A plan to toll trucks in Connecticut appears to be off the table after Gov. Ned Lamont told Senate Democrats on Wednesday he had lost faith in their ability to hold a vote on the controversial proposal.
“‘We’re going to vote on Thursday.’ Everybody said that to me not less than five days ago,” Lamont said, according to the CT Mirror. “Here it is, Thursday…and they said, ‘Not yet, maybe next week.’ I’ve heard that in this building for the last year, and I think you’ve all heard it for 30 years. This is a place that specializes in kicking the can down the road, and I don’t accept it.”
Under the latest version of the tolling plan, the state would collect fees from tractor-trailer trucks traveling on the state’s highways at 12 electronic gantries. The bill limits tolls to heavy-duty trucks but also contains an emergency clause that could include smaller trucks and passenger vehicles.
State Republicans and the trucking industry lobbied against the plan, while Democrats and construction trade unions were supportive.
“We were fully opposed to it,” Joe Sculley, president of the Motor Transportation Association of Connecticut, told FreightWaves. “We oppose tolling existing capacity. We oppose tolling trucking solely.”
Under the Connecticut proposal, legislators can expand the toll to include passenger vehicles – but only if 60% of lawmakers are in favor.
According to the CT Mirror, Senate President Pro Tem Martin M. Looney (D-New Haven) cancelled a vote on the truck tolls that had been planned for today, blaming a 30-hour filibuster threatened by Republicans.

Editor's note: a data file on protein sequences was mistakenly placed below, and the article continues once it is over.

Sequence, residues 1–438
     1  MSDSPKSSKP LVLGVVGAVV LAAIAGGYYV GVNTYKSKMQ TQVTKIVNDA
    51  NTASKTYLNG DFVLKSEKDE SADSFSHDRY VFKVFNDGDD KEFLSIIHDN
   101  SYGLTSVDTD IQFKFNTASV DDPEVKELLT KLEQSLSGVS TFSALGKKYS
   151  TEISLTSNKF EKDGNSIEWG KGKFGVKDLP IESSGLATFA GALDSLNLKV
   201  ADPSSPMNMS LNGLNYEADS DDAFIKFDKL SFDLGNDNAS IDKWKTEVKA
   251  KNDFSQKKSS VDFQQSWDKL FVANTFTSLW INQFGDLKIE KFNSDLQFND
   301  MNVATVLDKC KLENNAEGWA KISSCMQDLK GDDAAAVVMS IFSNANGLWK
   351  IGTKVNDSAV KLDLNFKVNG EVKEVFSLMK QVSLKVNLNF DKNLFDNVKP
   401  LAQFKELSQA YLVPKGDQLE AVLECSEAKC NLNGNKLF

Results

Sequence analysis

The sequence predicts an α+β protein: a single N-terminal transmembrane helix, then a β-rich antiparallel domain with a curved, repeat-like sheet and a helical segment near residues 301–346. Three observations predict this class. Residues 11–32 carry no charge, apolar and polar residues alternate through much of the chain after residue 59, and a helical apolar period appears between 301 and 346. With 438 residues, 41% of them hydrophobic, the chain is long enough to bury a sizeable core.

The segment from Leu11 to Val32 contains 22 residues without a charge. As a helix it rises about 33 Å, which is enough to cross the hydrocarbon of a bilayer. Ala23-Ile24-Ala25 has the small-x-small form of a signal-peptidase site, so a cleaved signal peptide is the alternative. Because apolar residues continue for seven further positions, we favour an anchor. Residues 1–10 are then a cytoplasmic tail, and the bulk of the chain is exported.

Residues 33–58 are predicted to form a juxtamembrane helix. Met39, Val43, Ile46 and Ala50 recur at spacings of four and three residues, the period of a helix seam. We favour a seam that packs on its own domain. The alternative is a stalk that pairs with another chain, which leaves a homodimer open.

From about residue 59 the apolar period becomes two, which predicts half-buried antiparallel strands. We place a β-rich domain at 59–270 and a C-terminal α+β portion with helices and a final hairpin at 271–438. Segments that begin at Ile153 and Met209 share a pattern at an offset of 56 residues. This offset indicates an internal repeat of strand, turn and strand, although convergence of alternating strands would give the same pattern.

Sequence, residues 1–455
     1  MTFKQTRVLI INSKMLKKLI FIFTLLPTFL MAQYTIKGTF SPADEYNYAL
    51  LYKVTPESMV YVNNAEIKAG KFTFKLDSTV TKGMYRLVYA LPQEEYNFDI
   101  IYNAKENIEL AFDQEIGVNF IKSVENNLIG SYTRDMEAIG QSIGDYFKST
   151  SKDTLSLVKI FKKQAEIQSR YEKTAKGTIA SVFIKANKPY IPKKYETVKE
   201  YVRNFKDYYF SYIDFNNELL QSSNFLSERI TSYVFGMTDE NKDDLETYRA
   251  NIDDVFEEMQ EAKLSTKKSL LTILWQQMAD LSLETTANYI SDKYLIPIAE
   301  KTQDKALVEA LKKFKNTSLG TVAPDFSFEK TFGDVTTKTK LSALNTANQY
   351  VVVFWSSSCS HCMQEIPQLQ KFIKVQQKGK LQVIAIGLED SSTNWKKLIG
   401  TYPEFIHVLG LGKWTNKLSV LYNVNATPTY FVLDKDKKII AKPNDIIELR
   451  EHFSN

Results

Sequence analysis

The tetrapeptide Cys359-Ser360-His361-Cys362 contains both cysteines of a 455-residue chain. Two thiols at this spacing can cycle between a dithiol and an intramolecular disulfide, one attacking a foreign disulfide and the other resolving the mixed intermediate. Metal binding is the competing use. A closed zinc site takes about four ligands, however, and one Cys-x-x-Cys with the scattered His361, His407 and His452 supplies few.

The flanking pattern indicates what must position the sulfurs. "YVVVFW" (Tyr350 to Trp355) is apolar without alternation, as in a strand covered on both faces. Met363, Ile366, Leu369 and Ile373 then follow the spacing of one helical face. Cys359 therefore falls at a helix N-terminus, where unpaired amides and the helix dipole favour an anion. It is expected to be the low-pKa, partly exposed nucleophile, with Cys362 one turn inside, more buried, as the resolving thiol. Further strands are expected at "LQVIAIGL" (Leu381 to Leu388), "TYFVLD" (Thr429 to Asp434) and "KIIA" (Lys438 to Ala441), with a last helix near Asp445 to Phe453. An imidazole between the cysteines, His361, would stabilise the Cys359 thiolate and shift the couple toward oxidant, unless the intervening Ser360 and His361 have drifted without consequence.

Sculley said his association knew as late as Feb. 18 that today’s vote was not going to take place. “But then yesterday came an even bigger announcement, that the governor is pulling back,” he said.
Senate Democratic leaders apparently insisted they still could pass transportation financing plan that included truck tolls – but need another five days to gather support for a vote.
In some respects the latest developments mirror a battle over tolling that took place three years ago, according to Sculley. After legislators killed a tolling bill, supporters inserted the levy into the budget. “That caused people to oppose the budget,” he said. “So I would hope those games won’t be played this year.”
The Connecticut debate over tolling comes as the American Trucking Associations is locked in a battle with the state of Rhode Island over its truck-only toll plan. The lawsuit, which is pending, claims that a truck-only toll is discriminatory and violates federal regulations.